Hidden Curriculum in Schools Essay

Submitted By danrees
Words: 611
Pages: 3

Outline and explain what is meant by the Hidden Curriculum in schools [20]

There are a few things that you need to pay attention to here. You must:
Outline what different perspectives say about the hidden curriculum
Use relevant examples /evidence

Explain them

The hidden curriculum is a phrase used to describe the things learnt in school that are not openly taught in lessons or examined in tests.
In general the hidden curriculum is a type of socialisation which involves persuading people either consciously or subconsciously to think and behave in particular ways. Structural theorists all agree that schools socialise pupils through the hidden curriculum but they disagree about who benefits from this.

Functionalists for example, claim that secondary socialisation is a crucial role of the system and helps in the establishment of social order. Both Functionalists Marxists and Feminists agree that children learn expected ways of behaving and the “rules of life” through the hidden curriculum. The way that this is done would be through school rules and the rewards and punishments for either abiding by them or flaunting them. Give your own examples of the sorts of things that happen, e.g. detention and so on.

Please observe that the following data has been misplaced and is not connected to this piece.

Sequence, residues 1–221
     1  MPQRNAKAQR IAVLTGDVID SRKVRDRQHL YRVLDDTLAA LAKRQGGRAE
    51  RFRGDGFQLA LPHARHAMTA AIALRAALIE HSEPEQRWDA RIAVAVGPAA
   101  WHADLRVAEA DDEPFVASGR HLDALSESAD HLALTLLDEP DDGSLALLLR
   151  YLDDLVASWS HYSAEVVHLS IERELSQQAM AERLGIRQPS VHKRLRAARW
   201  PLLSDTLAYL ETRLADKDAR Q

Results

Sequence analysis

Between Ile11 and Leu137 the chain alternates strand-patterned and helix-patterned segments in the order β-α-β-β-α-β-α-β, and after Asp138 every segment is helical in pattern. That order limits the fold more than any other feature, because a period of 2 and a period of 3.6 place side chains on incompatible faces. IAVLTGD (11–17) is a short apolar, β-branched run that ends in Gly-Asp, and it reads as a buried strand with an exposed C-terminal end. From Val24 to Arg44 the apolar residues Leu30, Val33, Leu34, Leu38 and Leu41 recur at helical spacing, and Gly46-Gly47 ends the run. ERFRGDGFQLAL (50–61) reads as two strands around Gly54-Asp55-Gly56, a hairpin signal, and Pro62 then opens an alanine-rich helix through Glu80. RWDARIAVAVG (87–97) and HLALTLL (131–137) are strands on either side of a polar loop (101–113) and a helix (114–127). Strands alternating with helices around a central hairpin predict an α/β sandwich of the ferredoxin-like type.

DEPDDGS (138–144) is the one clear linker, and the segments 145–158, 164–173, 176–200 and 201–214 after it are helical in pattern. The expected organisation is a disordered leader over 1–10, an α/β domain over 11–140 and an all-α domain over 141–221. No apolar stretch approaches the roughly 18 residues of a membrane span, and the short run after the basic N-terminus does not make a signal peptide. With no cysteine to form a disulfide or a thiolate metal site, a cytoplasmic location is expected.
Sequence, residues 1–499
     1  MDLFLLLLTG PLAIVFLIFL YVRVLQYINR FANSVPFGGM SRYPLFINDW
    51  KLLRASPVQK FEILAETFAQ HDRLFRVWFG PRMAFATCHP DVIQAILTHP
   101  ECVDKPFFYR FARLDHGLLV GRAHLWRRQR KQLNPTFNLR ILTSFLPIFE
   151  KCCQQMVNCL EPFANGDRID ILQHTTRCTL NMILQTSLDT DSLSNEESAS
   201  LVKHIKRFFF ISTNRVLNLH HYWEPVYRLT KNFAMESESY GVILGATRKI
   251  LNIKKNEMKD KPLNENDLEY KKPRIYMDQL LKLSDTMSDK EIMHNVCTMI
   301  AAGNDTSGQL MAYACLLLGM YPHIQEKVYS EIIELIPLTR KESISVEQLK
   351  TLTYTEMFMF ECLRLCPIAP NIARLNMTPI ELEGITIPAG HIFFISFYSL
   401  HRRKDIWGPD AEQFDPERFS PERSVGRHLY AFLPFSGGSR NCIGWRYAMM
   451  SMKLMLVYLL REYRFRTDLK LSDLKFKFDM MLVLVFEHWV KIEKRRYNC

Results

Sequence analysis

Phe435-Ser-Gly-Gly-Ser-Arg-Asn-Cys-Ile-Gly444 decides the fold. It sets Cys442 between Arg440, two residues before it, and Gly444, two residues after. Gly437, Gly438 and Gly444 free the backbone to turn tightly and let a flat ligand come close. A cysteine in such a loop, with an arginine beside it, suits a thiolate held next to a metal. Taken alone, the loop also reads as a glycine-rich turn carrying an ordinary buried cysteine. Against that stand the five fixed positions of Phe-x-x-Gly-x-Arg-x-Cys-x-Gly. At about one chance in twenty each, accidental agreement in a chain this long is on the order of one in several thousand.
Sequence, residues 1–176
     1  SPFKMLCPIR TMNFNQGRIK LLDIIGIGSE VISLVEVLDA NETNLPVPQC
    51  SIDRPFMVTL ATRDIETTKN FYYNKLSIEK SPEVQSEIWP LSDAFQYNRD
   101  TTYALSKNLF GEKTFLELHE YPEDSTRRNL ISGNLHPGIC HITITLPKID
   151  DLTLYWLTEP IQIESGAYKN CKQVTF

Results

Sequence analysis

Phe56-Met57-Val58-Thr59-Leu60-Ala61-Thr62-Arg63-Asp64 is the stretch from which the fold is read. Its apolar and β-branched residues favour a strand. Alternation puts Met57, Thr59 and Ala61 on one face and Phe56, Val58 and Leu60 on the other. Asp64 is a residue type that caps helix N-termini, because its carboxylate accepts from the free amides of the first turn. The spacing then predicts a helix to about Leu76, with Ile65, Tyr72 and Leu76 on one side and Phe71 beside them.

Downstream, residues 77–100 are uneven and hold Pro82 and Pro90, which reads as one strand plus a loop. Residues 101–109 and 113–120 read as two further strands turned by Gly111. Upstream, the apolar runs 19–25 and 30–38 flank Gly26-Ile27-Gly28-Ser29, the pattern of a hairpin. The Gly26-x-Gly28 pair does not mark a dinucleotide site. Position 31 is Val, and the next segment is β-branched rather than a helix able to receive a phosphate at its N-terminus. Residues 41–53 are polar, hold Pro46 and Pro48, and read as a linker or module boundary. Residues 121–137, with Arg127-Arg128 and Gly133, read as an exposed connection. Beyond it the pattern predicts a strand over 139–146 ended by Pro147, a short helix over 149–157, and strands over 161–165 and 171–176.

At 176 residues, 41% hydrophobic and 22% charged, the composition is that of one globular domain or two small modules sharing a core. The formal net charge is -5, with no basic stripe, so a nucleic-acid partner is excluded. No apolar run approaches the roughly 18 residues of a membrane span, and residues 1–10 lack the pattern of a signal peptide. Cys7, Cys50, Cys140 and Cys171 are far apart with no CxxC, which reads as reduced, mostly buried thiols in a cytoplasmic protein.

The hierarchies of power and control in schools provide a structure for tiered discipline and for children to learn about conformity.
Give your own example of tiered discipline.
They learn about the value of individual achievement through merit systems or prize giving ceremonies. It is easy to see why Functionalists see this process positively. However Marxists take a different view. They claim that the hidden curriculum “feeds” children with ideas that justify failure. Althusser for example suggests that schools are giant myth making machines, by this he means that schools encourage us to believe that if we work hard and have talent we will inevitably be successful. This idea of a meritocratic society is challenged by Marxists as an example of one of the giant myths referred to by Althusser. Similarly Bowles and Gintis argue that schools reproduce inequality by preparing working class pupils for working class jobs.
Interactionists such as Hargreaves and Becker suggest that children are labelled by teachers and this constitutes a kind of socialisation. The label, according to Interactionists “teaches” the children what they can or can’t do.
This has been disputed by many people including Fuller and Mac an Ghaill who both offer evidence of children who have